curly leaf pondweed

Potamogeton crispus

Origin: Curly Leaf pondweed is native to Eurasia, Africa, and Australia and was introduced to the U.S. in the mid-1800s.  At this point it is unknown how it got to the United States but some assume that it was accidentally introduced with fish stocking operations.   

Roots: Curly leaf pondweed has an extensive rhizomatous root system allowing it to be a perennial herb.  The roots tend to grow in slow-forming water and usually found in low-land areas.

Stems/Leaves: Off of the roots, the herb produces a flattened branched stem that extends up to a meter long.  The leaves are linear in shape and are only formed in submerged water.  The leaves can be an array of colors ranging from bright green, olive green and dirt brown.  The older growth leaves will have wavy edges but is not the case for newly developed leaves.  

Flowers: The inflorescence of this plant is a short spike that emerges above the water's surface.  The flowers measure in length of about 7 cm.  The plant usually flowers from June through September.   

Fruits and Seeds: The fruits of the plant have a prominent cone shape to them and a bumpy ridge that makes for a key identification feature of the plant.  Turions which are the seeds of the plant, form in the leaf axils during the growing season.  When the leaf axis breaks apart in mid-July, the turions drop and fall to the sediment where they lie dormant until the water cools off in the fall.  

Reproduction: Being a perennial herb, the plant reproduces and comes back year after year.  It is a self-fertilizing plant and produces both seeds and turions.  The plant is is resistant to disturbances such as dredging making it hard to kill.  

Life Style/Habits/Life Duration: Long lived perennial herb

Environments Favorable to Infestation: This plant refers lowland and low elevation areas.  It can only grow in slow moving water or stagnant water such as ponds or lakes.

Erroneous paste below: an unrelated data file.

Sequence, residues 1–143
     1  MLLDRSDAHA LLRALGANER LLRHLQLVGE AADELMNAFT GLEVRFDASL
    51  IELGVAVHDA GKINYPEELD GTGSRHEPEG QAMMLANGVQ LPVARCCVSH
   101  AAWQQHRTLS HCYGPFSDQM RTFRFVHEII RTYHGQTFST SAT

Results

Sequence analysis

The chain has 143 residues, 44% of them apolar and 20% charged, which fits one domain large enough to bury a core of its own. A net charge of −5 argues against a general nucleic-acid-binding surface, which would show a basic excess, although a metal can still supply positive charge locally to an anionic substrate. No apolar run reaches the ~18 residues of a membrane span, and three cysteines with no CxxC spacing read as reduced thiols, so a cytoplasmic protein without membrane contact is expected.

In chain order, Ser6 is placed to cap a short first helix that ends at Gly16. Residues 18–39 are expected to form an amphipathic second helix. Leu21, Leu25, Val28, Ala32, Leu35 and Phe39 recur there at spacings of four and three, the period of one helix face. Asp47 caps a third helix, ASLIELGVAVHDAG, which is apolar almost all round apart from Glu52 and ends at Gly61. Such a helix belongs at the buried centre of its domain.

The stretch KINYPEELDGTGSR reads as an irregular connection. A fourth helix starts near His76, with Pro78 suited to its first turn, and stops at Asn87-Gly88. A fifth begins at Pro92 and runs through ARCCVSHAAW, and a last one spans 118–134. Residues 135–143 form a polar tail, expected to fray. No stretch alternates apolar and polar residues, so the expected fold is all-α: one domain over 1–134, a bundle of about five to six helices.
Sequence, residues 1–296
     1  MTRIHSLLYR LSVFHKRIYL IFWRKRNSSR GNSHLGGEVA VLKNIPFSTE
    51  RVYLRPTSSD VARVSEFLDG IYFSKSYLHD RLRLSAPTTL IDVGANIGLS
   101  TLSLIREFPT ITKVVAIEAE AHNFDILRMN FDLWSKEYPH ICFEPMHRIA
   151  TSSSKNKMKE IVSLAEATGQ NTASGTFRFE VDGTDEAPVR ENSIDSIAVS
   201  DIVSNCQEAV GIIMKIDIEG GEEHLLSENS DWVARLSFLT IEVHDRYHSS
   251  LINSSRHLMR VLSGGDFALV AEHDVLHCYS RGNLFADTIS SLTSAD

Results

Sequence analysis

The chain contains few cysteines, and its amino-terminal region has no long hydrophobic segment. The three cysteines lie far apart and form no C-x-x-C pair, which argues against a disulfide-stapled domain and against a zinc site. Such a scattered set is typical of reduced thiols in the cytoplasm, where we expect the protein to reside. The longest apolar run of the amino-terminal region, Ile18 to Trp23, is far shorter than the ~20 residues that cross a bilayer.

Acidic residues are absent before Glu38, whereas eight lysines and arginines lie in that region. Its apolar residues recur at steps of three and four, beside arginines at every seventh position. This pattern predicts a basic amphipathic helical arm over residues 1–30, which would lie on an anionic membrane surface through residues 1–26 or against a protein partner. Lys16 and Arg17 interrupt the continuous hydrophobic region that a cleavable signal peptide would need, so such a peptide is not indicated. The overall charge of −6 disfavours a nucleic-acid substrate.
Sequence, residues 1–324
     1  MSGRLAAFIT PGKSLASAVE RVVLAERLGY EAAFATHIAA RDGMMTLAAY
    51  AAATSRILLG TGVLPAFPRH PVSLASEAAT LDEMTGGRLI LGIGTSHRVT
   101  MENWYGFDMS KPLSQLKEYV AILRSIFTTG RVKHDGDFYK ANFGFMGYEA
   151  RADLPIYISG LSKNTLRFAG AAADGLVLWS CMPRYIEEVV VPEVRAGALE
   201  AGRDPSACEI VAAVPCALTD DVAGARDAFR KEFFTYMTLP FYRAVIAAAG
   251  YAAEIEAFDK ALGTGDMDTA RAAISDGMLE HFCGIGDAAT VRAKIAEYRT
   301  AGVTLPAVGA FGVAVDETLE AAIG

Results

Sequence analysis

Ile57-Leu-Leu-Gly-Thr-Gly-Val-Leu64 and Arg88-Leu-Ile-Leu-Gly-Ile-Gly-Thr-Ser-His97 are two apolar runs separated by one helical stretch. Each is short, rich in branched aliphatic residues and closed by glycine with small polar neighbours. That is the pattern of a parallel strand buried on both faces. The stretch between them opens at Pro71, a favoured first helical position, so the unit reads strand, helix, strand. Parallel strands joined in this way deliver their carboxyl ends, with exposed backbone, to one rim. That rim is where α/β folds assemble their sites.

Damage: Curly leaf pondweed often times will outcompete native aquatic plant species and sometimes displace it. It will often times clog waterways and plug up watercraft engines.  It very easily spreads and can enter water recreation areas.      

Control Methods: Mechanical methods include hand pulling but is a difficult and very time consuming task.  Plants can sprout from small root fragments so hand pulling is not all that effective.  Biological control includes the grass carp that will consume the plant but results are not seen for a few seasons after introduction of fish.  Chemical control using aquatic herbicides can be effective when applied early before the release of the turions.  

Remarks: Curly leaf pondweed is found in Montana, but it is not something to cause huge concern. Like all noxious weeds, once they are established it is almost impossible to eradicate them, but is very important to keep a steady control on them.  


  1. "Invasive Species: Aquatic Species - Curly Pondweed (Potamogeton Crispus)." Invasive Species: Aquatic Species - Curly Pondweed (Potamogeton Crispus). N.p., n.d. Web. 15 June 2016.

  2. "Aquacide — Aquatic Weed Control: 4 Ways to Kill Curly Pondweed."Aquacide — Aquatic Weed Control: 4 Ways to Kill Curly Pondweed. N.p., n.d. Web. 15 June 2016.

  3. "Potamogeton Crispus." Wikipedia. Wikimedia Foundation, n.d. Web. 15 June 2016.

  4. "Curly-leaf Pondweed Description." Curly-leaf Pondweed Description. N.p., n.d. Web. 15 June 2016

Written by: Bryce Murphy    6/15/16       Published by: Sari Dersam  Home      Weed ID